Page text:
Velo3D CEO Benny Buller on Going Public

Metal Additive System Maker joins other 3D printer makers going public

Metal Additive System Maker joins other 3D printer makers going public

Benny Buller, CEO and Founder, Velo3D

In September, Velo3D, described as an end-to-end additive manufacturing (AM) solutions provider, went public, joining the NYSE under the ticker VLD. In doing so, the company follows the examples of other metal-focused AM system developers such as Desktop Metal and Markforged that have one public. 

Benny Buller, CEO and Founder of Velo3D, said, “Our strategy has been the same and will remain the same. We are focusing on high-value applications where we are the only reasonable manufacturing solution.”

Buller wants Velo3D to be the first machine a customer buys when it decides to use AM for production—not prototyping. “We are building a scalable supply chain ... a supply chain of contract manufacturers and we are creating demand for parts that only we can supply ... We will augment that by expanding globally as well as by adding products that will cement our lead in this industry.”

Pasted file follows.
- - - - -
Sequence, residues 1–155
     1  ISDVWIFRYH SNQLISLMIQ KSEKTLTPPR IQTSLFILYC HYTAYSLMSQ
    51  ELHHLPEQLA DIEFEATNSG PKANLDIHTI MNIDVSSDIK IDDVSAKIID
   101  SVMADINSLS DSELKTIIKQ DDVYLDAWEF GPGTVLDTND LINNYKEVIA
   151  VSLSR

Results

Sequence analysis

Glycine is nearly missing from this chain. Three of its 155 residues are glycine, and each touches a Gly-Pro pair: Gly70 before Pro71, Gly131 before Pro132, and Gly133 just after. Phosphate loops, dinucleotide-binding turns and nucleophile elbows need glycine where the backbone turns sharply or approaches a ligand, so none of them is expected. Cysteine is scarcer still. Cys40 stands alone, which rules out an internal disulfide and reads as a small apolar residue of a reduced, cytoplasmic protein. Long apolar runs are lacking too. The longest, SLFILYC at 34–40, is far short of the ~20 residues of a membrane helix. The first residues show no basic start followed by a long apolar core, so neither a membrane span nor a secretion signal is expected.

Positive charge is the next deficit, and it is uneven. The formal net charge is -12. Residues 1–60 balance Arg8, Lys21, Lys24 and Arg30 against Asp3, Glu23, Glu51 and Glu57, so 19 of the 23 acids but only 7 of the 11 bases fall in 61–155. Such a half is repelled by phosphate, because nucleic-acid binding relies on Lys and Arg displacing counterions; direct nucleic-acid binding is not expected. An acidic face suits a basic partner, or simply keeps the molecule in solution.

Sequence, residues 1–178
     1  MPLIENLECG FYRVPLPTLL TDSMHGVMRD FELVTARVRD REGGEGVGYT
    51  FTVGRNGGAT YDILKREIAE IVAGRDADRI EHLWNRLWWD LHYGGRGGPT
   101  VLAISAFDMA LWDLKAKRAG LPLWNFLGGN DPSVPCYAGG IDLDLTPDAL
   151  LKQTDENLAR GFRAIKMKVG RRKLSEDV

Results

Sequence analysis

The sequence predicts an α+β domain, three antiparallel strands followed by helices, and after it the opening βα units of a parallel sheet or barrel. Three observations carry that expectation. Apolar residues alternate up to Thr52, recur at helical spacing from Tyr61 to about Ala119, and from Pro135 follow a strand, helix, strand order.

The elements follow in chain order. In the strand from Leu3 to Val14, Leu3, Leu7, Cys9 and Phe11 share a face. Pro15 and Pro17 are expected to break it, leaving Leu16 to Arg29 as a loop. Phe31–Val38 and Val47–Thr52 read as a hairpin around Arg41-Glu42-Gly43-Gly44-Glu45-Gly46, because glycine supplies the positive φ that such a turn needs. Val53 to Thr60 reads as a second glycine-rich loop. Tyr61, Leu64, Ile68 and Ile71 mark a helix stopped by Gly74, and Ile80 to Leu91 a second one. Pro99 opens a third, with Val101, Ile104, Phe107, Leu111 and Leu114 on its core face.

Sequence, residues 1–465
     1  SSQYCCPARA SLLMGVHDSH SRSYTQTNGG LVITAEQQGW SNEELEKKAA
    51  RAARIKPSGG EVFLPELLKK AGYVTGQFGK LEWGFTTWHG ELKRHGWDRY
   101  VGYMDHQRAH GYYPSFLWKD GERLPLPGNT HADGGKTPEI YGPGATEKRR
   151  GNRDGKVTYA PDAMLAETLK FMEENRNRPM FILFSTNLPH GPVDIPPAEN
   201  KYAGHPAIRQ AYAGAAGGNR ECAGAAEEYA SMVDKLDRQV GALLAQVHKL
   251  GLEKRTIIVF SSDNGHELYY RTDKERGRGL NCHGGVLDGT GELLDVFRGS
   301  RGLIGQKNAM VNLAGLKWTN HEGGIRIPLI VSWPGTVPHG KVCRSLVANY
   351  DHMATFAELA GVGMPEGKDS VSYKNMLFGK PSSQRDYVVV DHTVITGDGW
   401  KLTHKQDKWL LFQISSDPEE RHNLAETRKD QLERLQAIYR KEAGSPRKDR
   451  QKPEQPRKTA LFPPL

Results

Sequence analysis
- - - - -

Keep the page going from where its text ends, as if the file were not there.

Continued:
On AM's potentials, Buller remarked, “3D printing is a relatively high value-add technology at a relatively high cost, which makes it suitable for making high-value parts that are complex to manufacture in other ways.” But there's a conundrum for AM. “The parts that are the best candidates for 3D printing, are not really 3D printable. So 3D printing becomes a niche technology, a solution looking for a problem,” he added.

Buller doesn't think AM will replace traditional manufacturing methods. Instead, the combination of the two will open new doors. “CNC machining or subtractive manufacturing is an extremely powerful technology ... It is mature, extremely capable, and extremely prolific. So I think the big opportunity in AM is not so much to replace CNC as a digital manufacturing technology, but rather to replace many of the analog manufacturing technologies we're using today,” he said.

For more, listen to the podcast above.

For more on the relationship between AM and subtractive, also check the recent panel discussion “Hot Seat: Reconciling Additive and Subtractive.”

Intro and end music courtesy of Bensound.

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Kenneth Wong

Kenneth Wong is Digital Engineering’s resident blogger and senior editor. Email him at [email protected] or share your thoughts on this article at

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